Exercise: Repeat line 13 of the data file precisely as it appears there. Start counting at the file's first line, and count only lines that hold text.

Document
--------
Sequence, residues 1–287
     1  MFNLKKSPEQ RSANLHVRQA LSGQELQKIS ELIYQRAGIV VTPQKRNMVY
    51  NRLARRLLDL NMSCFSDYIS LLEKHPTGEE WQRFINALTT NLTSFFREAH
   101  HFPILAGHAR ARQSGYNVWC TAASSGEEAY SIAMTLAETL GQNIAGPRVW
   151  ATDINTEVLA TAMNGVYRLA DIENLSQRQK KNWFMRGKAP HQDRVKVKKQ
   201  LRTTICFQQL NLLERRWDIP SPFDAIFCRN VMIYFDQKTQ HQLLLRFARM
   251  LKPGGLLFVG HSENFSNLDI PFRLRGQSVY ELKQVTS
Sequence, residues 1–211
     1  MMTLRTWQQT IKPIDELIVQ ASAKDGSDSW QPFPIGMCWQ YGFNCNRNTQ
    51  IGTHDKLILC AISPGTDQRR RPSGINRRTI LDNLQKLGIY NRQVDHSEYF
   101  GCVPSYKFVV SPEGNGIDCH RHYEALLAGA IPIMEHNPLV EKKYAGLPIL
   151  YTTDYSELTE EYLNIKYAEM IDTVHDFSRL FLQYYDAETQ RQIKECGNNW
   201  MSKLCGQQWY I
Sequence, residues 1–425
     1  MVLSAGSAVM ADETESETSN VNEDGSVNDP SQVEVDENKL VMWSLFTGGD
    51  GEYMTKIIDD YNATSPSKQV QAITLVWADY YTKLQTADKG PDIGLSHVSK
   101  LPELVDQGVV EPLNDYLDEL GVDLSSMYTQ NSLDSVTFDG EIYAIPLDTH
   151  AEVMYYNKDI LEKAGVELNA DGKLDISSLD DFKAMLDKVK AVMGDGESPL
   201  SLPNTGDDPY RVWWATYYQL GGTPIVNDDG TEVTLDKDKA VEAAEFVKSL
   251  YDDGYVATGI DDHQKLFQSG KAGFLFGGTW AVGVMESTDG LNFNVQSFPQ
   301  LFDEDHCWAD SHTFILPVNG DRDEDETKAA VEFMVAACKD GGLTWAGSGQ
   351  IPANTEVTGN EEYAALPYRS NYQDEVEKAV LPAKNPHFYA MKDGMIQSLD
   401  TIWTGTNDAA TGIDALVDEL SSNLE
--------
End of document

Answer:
   201  MSKLCGQQWY I